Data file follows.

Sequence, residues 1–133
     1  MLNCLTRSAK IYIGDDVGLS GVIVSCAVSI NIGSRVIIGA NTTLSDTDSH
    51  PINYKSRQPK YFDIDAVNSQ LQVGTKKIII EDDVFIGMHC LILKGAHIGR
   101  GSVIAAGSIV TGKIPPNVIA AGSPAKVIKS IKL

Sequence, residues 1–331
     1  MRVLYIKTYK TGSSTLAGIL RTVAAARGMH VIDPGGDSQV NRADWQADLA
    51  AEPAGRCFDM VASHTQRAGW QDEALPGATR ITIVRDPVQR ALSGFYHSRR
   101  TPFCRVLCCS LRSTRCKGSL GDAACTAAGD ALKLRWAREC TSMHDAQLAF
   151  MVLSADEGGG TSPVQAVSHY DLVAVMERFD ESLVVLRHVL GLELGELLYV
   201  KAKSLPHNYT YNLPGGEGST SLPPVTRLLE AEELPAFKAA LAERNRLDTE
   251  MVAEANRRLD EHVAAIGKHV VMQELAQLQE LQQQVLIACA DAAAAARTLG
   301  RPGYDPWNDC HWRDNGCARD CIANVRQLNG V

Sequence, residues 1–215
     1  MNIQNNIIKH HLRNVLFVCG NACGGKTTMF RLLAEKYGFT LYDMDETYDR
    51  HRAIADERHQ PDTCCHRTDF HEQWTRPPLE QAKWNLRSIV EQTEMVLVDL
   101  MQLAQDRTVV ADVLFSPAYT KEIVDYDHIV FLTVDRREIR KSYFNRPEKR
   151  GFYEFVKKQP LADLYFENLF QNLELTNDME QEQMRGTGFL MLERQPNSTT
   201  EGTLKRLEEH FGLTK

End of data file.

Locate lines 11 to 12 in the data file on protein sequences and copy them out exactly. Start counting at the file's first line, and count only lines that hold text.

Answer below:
   251  MVAEANRRLD EHVAAIGKHV VMQELAQLQE LQQQVLIACA DAAAAARTLG
   301  RPGYDPWNDC HWRDNGCARD CIANVRQLNG V